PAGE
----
French President Emmanuel Macron arrived in Shanghai on Monday (4 November), accompanied by a European Commissioner and a German minister. Europeans finally feel they have a card to play against China, while Washington remains opposed to Beijing. EURACTIV’s partner Ouest-France reports.
Macron has promised to visit China every year. On Monday, he visited the country for the second time, following his first visit in January 2018. With a constant concern of having to play ‘European’, he was not only accompanied by the usual French business leaders (Orano, Sanofi, Safran, Schneider, Airbus, Bigard, Limagrain…), but also by two Europeans, who did not impose themselves in a bilateral relationship.
European Commissioner Phil Hogan, who is in charge of the agriculture portfolio in the outgoing Commission and should take on the trade portfolio in Ursula von der Leyen’s team, joined the French president. And so did Germany’s Education and Research Minister Anna Karliczek.
“The more you play as Europeans, the more you get results”
Chinese President Xi Jinping will have to get used to this. Last year, at the Elysée, he was received by Macron, who was accompanied by Angela Merkel and Jean-Claude Juncker.
Europeans want to show that they are playing together against their second trading partner. In 2020, the German EU presidency will organise an EU27 Summit, and China will be present too.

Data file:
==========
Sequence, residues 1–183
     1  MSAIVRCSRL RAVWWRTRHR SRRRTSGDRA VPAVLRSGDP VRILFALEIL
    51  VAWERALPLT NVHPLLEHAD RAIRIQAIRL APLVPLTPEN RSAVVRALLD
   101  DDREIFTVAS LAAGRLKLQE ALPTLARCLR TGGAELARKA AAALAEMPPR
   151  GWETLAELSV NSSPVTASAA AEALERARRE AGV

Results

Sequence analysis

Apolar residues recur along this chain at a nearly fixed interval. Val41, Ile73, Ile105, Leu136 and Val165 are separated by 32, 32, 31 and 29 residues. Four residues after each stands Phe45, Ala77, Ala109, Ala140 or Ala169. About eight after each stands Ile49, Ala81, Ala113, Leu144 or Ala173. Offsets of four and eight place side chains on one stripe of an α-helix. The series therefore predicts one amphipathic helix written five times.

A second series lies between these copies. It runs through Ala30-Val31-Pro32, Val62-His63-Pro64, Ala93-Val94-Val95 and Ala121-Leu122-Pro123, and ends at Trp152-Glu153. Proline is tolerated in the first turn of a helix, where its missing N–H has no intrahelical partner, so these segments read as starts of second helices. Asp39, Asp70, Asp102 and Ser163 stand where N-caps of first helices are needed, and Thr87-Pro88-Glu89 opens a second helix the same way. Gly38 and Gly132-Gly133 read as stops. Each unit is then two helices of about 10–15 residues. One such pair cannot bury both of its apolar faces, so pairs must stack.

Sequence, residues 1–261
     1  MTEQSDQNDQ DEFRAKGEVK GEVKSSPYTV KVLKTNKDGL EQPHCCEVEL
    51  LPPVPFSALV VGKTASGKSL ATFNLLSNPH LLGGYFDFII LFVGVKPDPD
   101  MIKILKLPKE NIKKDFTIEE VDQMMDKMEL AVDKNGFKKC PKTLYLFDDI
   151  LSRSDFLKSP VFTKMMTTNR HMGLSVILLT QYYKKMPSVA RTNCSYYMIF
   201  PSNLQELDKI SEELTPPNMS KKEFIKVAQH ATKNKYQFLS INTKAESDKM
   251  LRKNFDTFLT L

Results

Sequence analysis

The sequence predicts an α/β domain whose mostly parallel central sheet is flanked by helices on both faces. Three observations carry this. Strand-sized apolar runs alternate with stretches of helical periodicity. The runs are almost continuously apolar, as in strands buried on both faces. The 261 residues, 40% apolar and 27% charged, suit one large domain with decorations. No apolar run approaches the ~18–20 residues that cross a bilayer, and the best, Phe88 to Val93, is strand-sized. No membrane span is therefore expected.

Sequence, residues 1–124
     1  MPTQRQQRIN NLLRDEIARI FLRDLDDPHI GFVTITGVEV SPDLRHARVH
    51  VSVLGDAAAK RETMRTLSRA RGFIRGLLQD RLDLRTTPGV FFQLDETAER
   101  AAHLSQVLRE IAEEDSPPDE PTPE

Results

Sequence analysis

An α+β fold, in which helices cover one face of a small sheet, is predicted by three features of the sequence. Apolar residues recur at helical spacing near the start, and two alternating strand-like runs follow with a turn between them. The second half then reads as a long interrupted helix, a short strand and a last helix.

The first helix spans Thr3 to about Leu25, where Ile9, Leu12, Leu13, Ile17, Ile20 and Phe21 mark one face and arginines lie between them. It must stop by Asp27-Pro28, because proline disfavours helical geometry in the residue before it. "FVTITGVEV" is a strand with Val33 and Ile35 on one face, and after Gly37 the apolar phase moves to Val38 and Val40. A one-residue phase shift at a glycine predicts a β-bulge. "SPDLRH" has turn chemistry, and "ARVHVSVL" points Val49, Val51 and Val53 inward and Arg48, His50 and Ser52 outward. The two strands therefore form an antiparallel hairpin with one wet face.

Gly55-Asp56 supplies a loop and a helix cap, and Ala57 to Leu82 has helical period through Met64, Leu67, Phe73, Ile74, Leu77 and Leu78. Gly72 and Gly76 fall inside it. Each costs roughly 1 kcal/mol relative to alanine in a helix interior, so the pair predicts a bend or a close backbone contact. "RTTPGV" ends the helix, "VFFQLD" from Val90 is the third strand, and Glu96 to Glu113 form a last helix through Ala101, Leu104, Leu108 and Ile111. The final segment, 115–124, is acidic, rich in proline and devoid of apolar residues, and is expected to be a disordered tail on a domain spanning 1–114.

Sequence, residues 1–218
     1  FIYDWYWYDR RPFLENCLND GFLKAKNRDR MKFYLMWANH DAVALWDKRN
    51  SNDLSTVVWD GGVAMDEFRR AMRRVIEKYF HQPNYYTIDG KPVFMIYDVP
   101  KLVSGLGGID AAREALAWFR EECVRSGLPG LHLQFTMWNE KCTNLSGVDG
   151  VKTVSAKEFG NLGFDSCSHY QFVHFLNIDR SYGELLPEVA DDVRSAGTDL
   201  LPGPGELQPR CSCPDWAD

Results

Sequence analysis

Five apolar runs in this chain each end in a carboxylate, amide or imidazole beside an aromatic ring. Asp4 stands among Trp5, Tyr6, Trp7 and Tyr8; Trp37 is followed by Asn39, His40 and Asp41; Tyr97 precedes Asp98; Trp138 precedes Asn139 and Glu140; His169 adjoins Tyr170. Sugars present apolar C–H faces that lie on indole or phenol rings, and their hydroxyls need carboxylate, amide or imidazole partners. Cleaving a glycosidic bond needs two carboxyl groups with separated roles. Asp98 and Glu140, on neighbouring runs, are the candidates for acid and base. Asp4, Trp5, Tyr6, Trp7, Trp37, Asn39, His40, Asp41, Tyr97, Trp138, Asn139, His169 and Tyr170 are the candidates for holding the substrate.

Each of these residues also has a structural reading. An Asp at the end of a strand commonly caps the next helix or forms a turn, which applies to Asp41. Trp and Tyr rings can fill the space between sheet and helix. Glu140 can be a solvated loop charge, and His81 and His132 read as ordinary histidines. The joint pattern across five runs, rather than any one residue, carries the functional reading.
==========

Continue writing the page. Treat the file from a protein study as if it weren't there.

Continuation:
It is a question of having a say in the definition of trade rules. “The more we act Franco-German and especially European, the more credibility and results we have,” Macron said before landing in Shanghai. For France, the stakes are high since it imports €50 billion worth of goods from China, while it only exports €21 billion.
An agreement on protected geographical indications is expected to be signed on Wednesday (6 November).
Asking Beijing to open its market as much as possible
The infrastructure projects of the Silk Roads are in the minds of many. “Roads are shared and cannot be unambiguous,” Macron warned during his previous visit in January 2018.
It is a question of asking Beijing for a minimum of market opening at a time when China invests massively in Europe. And Europeans finally feel that they have a card to play against China, while Washington remains opposed to Beijing.
Without China, “the Paris Agreement (on climate change) would not have survived”, the French President recalled during his trip in 2018.
[Edited by Zoran Radosavljevic]